The Value of Academic Libraries in the 21st Century Ann J. Wolpert

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Transcript The Value of Academic Libraries in the 21st Century Ann J. Wolpert

The Value of Academic Libraries in the
21st Century
Ann J. Wolpert
Director of Libraries
Massachusetts Institute of Technology
8th Annual Conference of the
Croatian University and Scientific
Libraries
October 24-25th, 2008
Zagreb, Croatia
Research libraries will continue to
have value in the 21st century
But it is necessary to reinterpret the value
proposition of libraries for the digital age:
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–
–
–
In education
In research
To the nation
To the world
Because of
– new media
– new ways of advancing knowledge
The “good old days” were not so
much fun at the time.
• Librarian was selected from among the
faculty and raised money for collections
• Lost books were deducted from the
librarian’s pay
• Books were chained to tables
• Women were kept in back rooms so as not
to distract the scholars
Traditional library collections are not
as “sacred” as some assert.
For example:
– Tangible assets have evolved through many
formats
– Fires, wars, lack of money, change of focus, the
collapse of institutions, have punched holes in
collections
– There is never enough money to provide
adequate preservation support
Research libraries persist because of
their total value proposition.
•Collections
•Instruction
•Work and study spaces
•Preservation and
conservation
•Institutional identity
•Habits of mind
•Standards of scholarship
•History of disciplines
and individuals
•Cost effectiveness
•Comparative advantage
•Neutral and
interdisciplinary
Science, Technology, Engineering,
and Medicine are defining the future.
STEM is:
International
Interdisciplinary
Inter-institutional
Digital
Networked
Science, Technology, Engineering, and
Medicine differ from the Humanities
• Deep rich historical collections are
important but timeliness is more critical
• Funding often available for lab based, nearterm information/data management
• Early adopters of mobile delivery systems
• Early recognition of shared data and data
mining
All researchers and educators are
discovering new communication options
• Unleashed from the expense and scarcity of
print
• Discovering scholarship in new media
• Exploring the power of html
• National and international data archives
• Open source software
• Institutional repositories
The next generation of scholars and
researchers are changing the model
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Developing countries
Emerging disciplines
Ambitious sub-disciplines
Disgruntled editorial boards
“Intellectual disobedience” regarding
copyright
• Harvard Univ’s rights retention strategy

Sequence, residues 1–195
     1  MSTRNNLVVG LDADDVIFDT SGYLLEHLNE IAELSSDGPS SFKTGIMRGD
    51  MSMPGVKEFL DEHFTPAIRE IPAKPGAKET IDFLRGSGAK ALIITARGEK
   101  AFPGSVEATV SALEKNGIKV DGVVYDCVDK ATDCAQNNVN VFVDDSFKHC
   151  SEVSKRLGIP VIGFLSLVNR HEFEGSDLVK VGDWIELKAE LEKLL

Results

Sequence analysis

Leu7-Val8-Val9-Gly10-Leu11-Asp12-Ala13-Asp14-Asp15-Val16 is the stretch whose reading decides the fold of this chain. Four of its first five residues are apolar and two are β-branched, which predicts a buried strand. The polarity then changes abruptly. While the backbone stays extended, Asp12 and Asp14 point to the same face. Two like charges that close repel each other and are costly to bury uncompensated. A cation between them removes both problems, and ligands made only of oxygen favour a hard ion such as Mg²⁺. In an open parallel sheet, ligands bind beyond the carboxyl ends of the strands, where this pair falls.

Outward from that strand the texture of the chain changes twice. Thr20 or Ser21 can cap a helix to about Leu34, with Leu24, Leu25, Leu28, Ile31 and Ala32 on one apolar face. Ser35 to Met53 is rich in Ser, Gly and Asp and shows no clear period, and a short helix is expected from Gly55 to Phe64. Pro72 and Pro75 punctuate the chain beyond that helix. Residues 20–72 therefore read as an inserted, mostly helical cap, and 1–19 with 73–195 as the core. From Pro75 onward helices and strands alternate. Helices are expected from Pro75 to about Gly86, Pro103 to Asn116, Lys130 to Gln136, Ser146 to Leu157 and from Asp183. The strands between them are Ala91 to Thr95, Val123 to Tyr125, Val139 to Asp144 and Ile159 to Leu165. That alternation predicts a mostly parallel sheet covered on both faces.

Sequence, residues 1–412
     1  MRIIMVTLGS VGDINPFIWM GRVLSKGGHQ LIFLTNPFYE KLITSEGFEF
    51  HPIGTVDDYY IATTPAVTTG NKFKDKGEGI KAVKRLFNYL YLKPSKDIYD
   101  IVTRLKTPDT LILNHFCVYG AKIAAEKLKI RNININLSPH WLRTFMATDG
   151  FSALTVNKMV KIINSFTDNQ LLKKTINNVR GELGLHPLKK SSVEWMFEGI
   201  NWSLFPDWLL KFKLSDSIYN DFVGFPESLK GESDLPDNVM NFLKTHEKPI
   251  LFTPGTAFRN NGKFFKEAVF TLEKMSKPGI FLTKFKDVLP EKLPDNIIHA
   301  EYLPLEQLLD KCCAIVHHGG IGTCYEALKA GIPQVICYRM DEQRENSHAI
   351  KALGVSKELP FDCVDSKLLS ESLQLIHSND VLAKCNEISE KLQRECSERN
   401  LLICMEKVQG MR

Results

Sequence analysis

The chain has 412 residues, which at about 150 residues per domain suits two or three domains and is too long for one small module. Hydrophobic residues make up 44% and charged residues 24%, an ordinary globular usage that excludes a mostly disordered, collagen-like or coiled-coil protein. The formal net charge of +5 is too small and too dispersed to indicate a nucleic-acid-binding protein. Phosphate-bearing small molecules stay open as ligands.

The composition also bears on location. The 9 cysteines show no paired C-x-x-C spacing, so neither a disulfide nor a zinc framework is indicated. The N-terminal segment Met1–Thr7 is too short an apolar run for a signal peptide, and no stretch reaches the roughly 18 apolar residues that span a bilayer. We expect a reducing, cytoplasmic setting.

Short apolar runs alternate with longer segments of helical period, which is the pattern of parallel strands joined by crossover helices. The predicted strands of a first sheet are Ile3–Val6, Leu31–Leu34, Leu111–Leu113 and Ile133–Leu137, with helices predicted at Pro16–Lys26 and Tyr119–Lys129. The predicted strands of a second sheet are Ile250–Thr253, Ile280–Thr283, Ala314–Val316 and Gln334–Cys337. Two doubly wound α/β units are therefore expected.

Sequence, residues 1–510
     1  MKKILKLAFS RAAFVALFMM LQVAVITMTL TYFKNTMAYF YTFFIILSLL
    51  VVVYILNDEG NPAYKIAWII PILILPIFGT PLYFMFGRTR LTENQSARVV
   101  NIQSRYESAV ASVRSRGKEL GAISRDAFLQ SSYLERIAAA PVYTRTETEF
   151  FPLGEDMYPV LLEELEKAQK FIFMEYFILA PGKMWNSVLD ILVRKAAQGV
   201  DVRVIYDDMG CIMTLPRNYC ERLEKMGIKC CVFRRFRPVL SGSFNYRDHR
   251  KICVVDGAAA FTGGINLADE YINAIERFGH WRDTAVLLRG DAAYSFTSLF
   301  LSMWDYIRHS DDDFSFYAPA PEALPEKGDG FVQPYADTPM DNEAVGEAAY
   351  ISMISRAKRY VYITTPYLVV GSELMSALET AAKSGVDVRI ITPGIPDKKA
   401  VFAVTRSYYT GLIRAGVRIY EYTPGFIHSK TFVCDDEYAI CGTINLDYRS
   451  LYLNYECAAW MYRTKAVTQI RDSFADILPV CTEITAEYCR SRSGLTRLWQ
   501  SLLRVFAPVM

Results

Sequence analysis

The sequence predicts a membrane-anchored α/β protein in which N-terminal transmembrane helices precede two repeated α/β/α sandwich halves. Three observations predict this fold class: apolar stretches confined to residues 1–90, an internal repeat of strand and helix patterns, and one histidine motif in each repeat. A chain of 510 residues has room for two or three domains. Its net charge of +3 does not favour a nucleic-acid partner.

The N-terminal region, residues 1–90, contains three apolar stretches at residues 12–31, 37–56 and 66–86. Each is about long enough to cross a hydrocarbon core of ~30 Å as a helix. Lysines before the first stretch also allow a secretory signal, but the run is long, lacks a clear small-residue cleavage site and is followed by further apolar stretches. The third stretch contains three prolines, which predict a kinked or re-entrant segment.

The time has come to engage faculty
in redefining research libraries
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Open access and retained rights
Delivery to the desktop
Place as Library
Data conservation
Evidence-based service design
Data & non-text information resources
Institutional repositories
What will the next value be for
your institution’s library?
Libraries at MIT and of MIT
The mission of MIT is to advance
knowledge and educate students in
science, technology, and other
areas of scholarship that will best
serve the nation and the world in
the 21st century.
The Institute is committed to
generating, disseminating, and
preserving knowledge, and to
working with others to bring this
knowledge to bear on the world’s
great challenges…
The mission of the MIT libraries is
to create and sustain an intuitive,
trusted information environment
that enables learning and the
advancement of knowledge at
MIT.
We are committed to developing
strategies and systems that
promote discovery and facilitate
worldwide scholarly
communication.
Opportunities and challenges abound for
libraries
International, inter-institutional,
interdisciplinary are incompatible with
structure and funding
Network access control is often incompatible
with license agreements
New business choices (e.g., physics) to be
made
Competition for talent – especially technical
talent – is intense
The Lady or the Tiger?
•Google (or another) controls
discovery/access
•Publishers win complete
control of content
•Data mining allowed only
with permission
•Publishers control data as
well as research publication
•Books cease to exist as we
now know them
•Google does no evil,
digitized work is free
•Fair use is preserved by
congress and the courts
•Universities and faculty
retain necessary rights
•Research data and results
are open
•Books find a sustainable,
compatible business model
The next five years
Engage a new discussion with administrators and
faculty
Pursue digital library developments/opportunities –
especially open source and open access
Collaborate with others to improve leverage
Expand data curation and digital preservation
activities including research
Advocate for sensible information policy
“The future is like heaven everyone exalts it but no one
wants to go there now.”
James Baldwin